I’ve got to say that this was a very memorable moment in my life and I have told this story so many times throughout the years, it seems like only yesterday as I sit here typing it out. I was quite surprised to find the web site yesterday Rare Photos of the FB-111A CRASH. I have always thought people thought I was just making this story up so it’s very cool to see the articles and the photographs of the crash online.

Fb111a crash in Portsmouth, NH by Mike Chwalek

After reading the article about the crash the other day, I was motivated to make a graphic of what I saw that day to help you get an idea of what I and others saw and have included it in my email.

About Author Mike Chwalek

I'm a single father of 43 years of age who currently lives and works in Grand Haven, Michigan. I guess there's something about large bodies of water that draws me to them. I've been lucky enough to have traveled all across this country, visiting almost every state. I lived on Dearborn Street near downtown Portsmouth, NH when I was about five. My family had just come from Chipiona, Spain where my dad, a radio man on the nuclear submarine USS Tinosa, was stationed. My mother, who worked at the Yankee dog track, my sister, and I moved to SeacrestVillage when I was about eight. I have some very fond memories of Portsmouth -- the tall ships, the piers, jumping off the bridge to Pierce Island, and jumping off a rope swing into the Piscataqua River (and being partially covered and stung by jellyfish), and the fighter jet crash, of course. I was a regular Tom Sawyer back in those days. But best of all I remember Moe’s Subs in downtown Portsmouth, best darn sub I have ever had. Every once in a great while I'm lucky enough to journey back that way and have been known to go 100 miles out of my way just to get a Moe's.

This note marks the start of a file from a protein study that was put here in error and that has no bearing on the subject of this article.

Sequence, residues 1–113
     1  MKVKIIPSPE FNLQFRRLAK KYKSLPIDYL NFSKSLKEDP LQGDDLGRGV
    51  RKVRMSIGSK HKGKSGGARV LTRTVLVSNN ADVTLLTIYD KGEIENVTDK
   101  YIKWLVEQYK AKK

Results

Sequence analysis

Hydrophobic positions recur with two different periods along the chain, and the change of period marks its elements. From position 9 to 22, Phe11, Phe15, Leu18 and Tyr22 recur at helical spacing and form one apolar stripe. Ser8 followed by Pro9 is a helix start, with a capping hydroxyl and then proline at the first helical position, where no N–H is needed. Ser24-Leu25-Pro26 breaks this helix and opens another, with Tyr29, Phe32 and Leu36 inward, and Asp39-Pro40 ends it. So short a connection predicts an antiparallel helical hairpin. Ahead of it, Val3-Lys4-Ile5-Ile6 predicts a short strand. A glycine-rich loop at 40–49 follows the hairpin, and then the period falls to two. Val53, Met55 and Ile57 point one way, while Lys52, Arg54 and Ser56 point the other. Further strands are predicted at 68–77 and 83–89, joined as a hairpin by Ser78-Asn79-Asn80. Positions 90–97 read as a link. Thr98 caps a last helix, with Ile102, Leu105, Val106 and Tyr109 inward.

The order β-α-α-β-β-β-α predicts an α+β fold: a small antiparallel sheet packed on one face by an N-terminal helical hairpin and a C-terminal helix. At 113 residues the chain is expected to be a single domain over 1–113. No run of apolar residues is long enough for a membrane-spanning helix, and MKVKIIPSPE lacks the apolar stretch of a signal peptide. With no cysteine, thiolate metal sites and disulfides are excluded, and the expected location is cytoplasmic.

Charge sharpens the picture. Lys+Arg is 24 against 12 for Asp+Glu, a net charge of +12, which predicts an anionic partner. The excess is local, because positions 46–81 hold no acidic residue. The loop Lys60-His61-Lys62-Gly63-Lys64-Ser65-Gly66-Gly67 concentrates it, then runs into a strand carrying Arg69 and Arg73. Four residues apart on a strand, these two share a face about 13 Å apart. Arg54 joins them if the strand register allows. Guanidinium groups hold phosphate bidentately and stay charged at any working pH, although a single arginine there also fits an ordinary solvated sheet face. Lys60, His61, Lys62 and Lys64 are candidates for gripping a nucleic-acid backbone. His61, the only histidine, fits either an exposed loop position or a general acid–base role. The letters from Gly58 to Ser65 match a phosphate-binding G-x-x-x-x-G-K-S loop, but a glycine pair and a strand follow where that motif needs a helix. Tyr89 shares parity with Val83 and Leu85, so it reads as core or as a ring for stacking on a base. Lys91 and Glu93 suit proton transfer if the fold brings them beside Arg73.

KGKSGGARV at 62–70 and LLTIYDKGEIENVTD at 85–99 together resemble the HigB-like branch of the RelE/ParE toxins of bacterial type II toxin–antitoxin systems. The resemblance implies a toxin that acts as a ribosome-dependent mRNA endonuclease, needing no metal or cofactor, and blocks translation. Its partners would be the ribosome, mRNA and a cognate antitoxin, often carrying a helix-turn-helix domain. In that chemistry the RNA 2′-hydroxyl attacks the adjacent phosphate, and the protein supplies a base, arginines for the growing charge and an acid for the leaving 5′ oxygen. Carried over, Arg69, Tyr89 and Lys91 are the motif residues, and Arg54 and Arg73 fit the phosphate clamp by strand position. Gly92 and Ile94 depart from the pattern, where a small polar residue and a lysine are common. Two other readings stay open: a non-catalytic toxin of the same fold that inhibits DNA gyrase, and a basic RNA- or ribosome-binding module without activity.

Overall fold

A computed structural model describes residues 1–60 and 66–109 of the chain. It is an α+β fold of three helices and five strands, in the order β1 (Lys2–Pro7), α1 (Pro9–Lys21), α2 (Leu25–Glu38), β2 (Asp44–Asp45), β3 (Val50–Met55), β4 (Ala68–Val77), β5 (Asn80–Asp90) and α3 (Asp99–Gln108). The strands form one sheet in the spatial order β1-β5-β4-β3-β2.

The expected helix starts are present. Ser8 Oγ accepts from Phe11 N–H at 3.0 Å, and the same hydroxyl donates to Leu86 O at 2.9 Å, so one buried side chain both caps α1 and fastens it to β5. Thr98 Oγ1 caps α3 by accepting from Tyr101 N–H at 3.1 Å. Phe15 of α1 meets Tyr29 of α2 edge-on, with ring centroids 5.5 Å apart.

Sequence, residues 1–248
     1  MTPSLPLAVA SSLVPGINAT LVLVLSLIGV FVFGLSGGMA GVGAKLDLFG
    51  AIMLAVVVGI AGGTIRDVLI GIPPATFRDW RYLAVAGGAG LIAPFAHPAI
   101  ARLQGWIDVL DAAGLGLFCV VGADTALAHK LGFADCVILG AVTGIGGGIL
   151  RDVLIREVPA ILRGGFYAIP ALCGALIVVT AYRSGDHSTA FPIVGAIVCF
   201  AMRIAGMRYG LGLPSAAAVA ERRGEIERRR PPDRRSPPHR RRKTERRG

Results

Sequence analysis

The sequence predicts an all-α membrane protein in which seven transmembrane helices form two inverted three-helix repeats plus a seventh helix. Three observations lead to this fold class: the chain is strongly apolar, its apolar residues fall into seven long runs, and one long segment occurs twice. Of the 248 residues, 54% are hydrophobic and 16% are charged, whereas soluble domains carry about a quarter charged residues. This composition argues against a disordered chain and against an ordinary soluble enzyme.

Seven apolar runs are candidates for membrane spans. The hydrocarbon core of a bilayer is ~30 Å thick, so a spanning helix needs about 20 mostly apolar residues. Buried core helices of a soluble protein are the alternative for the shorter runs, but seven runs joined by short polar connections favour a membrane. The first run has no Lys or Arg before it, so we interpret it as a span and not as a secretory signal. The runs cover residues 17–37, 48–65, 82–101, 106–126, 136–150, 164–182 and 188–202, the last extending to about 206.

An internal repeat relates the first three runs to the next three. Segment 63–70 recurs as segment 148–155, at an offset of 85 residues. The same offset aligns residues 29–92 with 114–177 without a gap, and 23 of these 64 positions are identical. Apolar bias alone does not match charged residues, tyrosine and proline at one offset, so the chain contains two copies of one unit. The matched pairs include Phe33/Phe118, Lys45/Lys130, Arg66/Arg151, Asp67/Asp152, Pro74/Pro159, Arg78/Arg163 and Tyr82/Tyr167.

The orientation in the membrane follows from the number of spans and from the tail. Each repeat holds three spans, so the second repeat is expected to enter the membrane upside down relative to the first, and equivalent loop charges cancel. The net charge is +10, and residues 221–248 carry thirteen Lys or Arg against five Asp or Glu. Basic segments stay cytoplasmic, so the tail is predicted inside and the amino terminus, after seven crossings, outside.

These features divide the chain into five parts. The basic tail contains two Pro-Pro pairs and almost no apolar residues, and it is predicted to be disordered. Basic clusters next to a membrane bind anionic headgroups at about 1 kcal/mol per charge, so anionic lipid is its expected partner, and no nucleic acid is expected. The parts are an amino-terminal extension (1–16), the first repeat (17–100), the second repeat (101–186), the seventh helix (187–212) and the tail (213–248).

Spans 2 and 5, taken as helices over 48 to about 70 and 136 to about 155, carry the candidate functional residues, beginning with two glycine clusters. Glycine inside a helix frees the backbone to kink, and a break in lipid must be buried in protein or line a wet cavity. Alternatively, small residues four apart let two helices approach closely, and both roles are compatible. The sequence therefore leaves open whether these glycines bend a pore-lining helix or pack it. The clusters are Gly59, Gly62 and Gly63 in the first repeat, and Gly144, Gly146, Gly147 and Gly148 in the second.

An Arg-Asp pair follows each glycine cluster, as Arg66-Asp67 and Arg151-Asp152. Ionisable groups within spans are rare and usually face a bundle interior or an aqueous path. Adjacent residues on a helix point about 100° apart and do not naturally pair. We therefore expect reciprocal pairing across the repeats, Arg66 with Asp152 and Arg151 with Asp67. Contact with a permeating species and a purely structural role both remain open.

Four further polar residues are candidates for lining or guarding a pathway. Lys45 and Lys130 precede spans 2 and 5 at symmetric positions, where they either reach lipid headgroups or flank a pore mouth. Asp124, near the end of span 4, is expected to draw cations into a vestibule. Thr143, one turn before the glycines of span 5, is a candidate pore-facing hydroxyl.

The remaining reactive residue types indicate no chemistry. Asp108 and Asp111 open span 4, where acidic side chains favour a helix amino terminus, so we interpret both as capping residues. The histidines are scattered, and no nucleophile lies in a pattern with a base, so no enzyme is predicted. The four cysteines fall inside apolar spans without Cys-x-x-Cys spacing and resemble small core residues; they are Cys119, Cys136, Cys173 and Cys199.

© 2012 Mike Chwalek as seen on All rights reserved.